Casey Reas, an artist and professor at the University of California, Los Angeles who has dealt in NFTs for five years, noted they could be of particular appeal to content creators, whose images are so often replicated far beyond their control.

“With things in the physical, material world, ownership is pretty clear, but with digital files, it’s always been sort of a fuzzy area,” he said. “NFTs allow one person to have clear, public ownership over a digital thing, like an image or a video.”

However, those pieces of media can still go viral. “The work itself is not scarce,” Mr. Reas said. “That image can still circulate around the internet, but ownership is the thing that the NFT allows somebody to claim.” Like a physical painting, the original artist still retains copyright; unlike a physical painting, every time an NFT changes hands, the original artist gets royalties.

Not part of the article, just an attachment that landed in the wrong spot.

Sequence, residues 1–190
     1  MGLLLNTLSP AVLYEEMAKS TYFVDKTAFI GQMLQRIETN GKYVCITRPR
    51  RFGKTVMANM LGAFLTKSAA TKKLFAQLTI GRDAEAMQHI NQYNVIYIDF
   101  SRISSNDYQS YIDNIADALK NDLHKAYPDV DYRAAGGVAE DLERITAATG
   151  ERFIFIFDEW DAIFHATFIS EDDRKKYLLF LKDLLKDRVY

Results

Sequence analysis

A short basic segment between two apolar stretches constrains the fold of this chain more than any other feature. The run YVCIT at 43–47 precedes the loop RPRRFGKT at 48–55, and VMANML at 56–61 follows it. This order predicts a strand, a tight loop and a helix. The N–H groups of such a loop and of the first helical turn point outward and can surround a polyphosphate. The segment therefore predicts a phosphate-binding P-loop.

To Ms. Ratajkowski there’s another potential dividend: moral justice. She said that after her article was published, models started reaching out to discuss “not just their image being used, but their bodies being misused, and used for profit in ways they didn’t consent to,” she said, a topic she explores in an upcoming essay collection, “My Body,” which Metropolitan Books is planning to publish in October. Across fashion, film and the art world, she added, young women are made to “feel like they don’t need to be paid properly.”

And she said cryptocurrency experts warned her: “People are going to use your image in NFTs in one way or another, so you might as well make one.”

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